Investing is one of the surest ways of accumulating wealth. Investments are good for personal reasons and on the national level, they are good for sustainable wealth creation and eradication of poverty. Government and investment houses have all done their bits to encourage people to invest. However, investor confidence has dwindled in Ghana for the past two years because investors have investments locked up while they are struggling to meet their basic needs.
The regulator and some industry players have done some publications on the possible causes of the crises. It is, therefore, a public knowledge that the crisis came from the negligence of several players – the investors, the regulator, the asset management firms, among others. This article is aimed at throwing more light on the causes of the crisis and how they can be prevented going forward. It touches on how financial inclusion started, what went wrong, what the investors, regulator, players in the investment sector, Institute of Chartered Accountants Ghana (ICAG) and audit firms should have done and lessons for the future.
How Financial Inclusion Started
Successive governments in Ghana have done their best to improve financial inclusion in Ghana due to its importance in the economic development. After Ghana’s independence in 1957, the financial sector was dominated by financial institutions owned by the state. However, with time, the financial sector was liberalized to allow the establishment of private institutions such as microfinance, banks, investment houses, to name but a few. Consequently, many microfinance institutions sprang up and were all scattered around the market centres and reached many unbanked people.
What Went Wrong?
Standard investments come with promised rates of return. These rates of return differ from one investment organization to the other. Firms playing in this space were fighting to increase their market share and would prefer to quote rate slightly than their competitors. Most investment firms especially microfinance institutions in the started quoting very high rates of return on investment and were not able to pay investors back. They took or gave out loans at very unrealistic rates, usually at very high-interest rates. In those times, many investors preferred sending their monies to microfinance institutions because they were guaranteed high returns on their investment.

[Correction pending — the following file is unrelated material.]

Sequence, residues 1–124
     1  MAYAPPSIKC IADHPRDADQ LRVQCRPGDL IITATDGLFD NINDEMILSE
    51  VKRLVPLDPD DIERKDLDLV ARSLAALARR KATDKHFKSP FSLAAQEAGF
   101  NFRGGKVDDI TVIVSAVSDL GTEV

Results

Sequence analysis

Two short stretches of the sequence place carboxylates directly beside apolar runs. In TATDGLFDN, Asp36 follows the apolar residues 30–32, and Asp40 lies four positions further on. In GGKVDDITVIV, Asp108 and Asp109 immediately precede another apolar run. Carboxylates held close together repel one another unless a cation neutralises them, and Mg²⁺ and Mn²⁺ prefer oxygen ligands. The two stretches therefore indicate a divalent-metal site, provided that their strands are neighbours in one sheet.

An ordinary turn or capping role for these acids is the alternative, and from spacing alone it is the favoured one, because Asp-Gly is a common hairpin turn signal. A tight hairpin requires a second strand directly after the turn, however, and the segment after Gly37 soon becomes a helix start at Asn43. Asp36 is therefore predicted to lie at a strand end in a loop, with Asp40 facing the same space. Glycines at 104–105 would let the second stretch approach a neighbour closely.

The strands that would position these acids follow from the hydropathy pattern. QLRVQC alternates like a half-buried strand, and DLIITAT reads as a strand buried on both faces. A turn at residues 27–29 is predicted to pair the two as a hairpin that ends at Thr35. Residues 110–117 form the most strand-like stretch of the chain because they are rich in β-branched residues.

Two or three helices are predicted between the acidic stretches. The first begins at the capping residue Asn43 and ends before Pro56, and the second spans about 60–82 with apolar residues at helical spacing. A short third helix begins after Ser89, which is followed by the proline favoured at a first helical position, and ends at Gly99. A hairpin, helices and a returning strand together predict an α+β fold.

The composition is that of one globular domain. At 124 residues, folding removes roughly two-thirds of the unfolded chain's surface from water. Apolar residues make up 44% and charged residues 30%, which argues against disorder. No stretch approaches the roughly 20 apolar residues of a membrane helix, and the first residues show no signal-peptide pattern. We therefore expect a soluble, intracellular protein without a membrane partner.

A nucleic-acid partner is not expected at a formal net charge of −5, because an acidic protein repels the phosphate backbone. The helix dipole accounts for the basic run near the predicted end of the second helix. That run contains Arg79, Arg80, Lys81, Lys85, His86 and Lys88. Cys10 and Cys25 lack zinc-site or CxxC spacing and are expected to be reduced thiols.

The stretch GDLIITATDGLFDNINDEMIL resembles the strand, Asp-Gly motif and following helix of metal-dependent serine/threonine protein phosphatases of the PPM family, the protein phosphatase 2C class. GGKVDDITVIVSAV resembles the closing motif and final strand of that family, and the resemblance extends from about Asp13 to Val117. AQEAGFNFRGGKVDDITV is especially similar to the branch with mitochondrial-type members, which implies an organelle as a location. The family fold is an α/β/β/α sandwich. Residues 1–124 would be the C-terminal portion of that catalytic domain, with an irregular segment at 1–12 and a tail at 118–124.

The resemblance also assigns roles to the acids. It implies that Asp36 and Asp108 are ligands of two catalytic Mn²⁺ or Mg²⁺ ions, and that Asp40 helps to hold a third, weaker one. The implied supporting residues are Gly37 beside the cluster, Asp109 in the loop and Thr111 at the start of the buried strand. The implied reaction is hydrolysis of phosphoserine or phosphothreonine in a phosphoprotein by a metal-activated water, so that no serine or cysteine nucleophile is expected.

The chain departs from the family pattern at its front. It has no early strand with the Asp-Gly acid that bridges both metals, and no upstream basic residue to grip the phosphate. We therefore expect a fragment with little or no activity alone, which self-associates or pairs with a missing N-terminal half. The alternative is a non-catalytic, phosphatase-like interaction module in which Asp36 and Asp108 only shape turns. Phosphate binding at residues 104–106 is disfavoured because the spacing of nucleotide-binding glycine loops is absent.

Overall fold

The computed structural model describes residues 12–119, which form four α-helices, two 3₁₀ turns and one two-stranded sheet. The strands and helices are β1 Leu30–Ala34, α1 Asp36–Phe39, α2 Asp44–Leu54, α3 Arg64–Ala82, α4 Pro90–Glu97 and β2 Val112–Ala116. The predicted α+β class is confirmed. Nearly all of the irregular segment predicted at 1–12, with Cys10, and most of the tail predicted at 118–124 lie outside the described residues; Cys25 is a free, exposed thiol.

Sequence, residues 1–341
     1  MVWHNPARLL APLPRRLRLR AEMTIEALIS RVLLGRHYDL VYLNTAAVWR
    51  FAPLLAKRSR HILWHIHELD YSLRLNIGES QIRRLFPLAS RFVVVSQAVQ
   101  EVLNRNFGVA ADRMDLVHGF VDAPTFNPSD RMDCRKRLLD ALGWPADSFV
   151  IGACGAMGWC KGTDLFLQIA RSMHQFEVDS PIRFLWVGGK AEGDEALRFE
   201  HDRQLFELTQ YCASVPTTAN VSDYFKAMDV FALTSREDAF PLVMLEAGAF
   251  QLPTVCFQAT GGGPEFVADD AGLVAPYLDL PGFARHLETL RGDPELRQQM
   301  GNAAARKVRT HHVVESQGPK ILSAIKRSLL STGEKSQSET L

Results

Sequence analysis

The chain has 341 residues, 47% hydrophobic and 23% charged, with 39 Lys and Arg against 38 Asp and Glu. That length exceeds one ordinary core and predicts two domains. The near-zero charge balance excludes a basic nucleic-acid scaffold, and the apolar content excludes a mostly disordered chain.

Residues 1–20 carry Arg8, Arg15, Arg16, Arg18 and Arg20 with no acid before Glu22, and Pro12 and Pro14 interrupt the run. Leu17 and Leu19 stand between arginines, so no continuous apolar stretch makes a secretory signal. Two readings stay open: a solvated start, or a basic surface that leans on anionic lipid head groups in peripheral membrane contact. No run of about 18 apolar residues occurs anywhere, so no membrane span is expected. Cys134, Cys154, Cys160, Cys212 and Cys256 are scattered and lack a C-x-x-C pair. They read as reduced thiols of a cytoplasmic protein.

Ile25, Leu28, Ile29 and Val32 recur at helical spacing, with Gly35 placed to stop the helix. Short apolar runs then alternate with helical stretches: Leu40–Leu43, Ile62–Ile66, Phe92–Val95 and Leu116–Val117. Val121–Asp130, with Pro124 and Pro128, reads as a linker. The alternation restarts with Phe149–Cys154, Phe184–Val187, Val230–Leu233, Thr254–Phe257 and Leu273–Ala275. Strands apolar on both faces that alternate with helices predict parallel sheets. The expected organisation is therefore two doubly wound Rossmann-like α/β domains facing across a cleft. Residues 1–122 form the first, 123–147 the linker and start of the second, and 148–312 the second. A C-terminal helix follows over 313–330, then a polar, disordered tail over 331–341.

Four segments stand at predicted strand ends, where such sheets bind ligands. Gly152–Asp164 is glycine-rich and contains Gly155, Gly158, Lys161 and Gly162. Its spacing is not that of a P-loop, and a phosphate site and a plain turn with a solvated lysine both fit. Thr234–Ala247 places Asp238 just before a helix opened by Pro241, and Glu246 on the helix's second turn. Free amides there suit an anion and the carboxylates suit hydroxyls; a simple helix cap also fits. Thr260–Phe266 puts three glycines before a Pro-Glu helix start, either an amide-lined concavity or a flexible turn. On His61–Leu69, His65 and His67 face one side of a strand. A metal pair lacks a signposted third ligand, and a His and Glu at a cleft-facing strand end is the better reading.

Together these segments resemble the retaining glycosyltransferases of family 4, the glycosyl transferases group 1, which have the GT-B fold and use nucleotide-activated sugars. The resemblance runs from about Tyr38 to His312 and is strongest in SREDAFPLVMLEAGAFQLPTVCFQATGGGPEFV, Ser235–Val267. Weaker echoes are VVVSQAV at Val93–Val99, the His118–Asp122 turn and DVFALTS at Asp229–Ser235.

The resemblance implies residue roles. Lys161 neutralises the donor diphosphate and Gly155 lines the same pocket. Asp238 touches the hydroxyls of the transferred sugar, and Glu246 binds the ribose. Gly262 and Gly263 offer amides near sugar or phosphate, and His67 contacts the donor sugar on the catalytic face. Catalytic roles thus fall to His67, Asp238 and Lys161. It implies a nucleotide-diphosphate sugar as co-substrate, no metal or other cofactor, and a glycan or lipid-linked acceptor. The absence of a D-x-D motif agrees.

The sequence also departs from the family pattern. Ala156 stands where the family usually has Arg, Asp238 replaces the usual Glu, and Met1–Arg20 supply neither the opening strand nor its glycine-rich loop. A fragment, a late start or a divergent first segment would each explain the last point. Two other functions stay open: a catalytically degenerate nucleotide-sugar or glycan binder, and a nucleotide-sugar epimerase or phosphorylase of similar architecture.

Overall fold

Investors at the time were mostly focused on the return side of the pendulum, thereby placing less premium on the risk aspect of the quote and for that matter perhaps forgetting the one big and popular saying on investment which is “the higher the risk, the higher the returns”.
This trend continued for a while and some investment house (Asset Management Firms) that faced competition from their counterparts in the microfinance space had to also start quoting high-interest rate on investments to meet customer demands. In doing this, some started investing investor funds in the microfinance space.
What Should Have Been Done
The various players in the investment sector should have taken precautionary measures to protect the sector. This section thus looks at what each of these players should have done.
It is important that investors are particular about where they place their investments. They need to check if the company they are investing with is licensed in the first place. They can then move a step further to verify from the regulator whether the company they are seeking to invest with is in good standing with the regulator.
Evidence of investments
The investor owes himself or herself the duty of ensuring that he or she has adequate evidence of investment. Some of these evidence are receipts received from the company they invested with, certificates covering investments, are they signed by the authorized persons?
Track the investments
Money is difficult to come by so when investing the investors should ensure that they are aware of everything about the investment. They can track their investment through monitoring every news item on the investments. The investors should provide correct contact details when investing and updating them regularly so that they can receive updates on the investments. When the investors have all their contact details correct with the firm they are investing with and they are not getting updates on their investment, they can insist on the firms notifying them or better still, take their investments from the firms. It is surprising that some investors still sent money to firms that were struggling when they struggle with public information. It means people are not tracking their investments enough.